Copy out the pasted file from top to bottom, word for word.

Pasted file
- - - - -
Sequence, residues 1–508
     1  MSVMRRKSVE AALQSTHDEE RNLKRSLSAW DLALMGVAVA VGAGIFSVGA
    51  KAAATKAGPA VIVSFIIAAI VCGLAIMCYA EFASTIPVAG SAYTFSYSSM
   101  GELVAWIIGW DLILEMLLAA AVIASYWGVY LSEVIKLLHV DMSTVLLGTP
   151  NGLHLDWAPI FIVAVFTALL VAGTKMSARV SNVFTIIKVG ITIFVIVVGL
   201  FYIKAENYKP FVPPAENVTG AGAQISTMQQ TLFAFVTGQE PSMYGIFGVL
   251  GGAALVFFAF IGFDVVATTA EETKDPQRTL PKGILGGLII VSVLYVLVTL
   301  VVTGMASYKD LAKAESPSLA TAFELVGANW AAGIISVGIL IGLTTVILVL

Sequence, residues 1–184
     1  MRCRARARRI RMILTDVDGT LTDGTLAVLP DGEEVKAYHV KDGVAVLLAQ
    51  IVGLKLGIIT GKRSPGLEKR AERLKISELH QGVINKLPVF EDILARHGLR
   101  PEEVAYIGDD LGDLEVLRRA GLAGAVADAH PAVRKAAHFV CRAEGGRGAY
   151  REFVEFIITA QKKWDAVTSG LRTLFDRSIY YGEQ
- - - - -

Sequence, residues 1–508
     1  MSVMRRKSVE AALQSTHDEE RNLKRSLSAW DLALMGVAVA VGAGIFSVGA
    51  KAAATKAGPA VIVSFIIAAI VCGLAIMCYA EFASTIPVAG SAYTFSYSSM
   101  GELVAWIIGW DLILEMLLAA AVIASYWGVY LSEVIKLLHV DMSTVLLGTP
   151  NGLHLDWAPI FIVAVFTALL VAGTKMSARV SNVFTIIKVG ITIFVIVVGL
   201  FYIKAENYKP FVPPAENVTG AGAQISTMQQ TLFAFVTGQE PSMYGIFGVL
   251  GGAALVFFAF IGFDVVATTA EETKDPQRTL PKGILGGLII VSVLYVLVTL
   301  VVTGMASYKD LAKAESPSLA TAFELVGANW AAGIISVGIL IGLTTVILVL

Sequence, residues 1–184
     1  MRCRARARRI RMILTDVDGT LTDGTLAVLP DGEEVKAYHV KDGVAVLLAQ
    51  IVGLKLGIIT GKRSPGLEKR AERLKISELH QGVINKLPVF EDILARHGLR
   101  PEEVAYIGDD LGDLEVLRRA GLAGAVADAH PAVRKAAHFV CRAEGGRGAY
   151  REFVEFIITA QKKWDAVTSG LRTLFDRSIY YGEQ